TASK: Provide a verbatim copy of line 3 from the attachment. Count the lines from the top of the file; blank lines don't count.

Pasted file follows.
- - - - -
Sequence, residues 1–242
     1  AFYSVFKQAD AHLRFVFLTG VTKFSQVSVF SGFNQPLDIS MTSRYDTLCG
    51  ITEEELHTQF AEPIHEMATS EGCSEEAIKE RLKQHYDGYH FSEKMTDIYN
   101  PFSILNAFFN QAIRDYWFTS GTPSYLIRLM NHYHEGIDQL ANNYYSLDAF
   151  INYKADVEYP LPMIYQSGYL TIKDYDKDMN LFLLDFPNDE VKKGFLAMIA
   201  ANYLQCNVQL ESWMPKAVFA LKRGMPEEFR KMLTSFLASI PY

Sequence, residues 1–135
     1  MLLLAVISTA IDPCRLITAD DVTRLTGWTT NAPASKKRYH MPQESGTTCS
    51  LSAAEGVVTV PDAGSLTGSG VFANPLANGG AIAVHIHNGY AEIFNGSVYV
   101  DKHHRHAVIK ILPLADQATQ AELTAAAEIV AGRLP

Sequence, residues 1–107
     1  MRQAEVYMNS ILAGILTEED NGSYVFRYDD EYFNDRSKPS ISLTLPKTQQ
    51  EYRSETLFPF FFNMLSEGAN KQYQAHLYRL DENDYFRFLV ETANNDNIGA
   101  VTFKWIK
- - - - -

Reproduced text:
    51  ITEEELHTQF AEPIHEMATS EGCSEEAIKE RLKQHYDGYH FSEKMTDIYN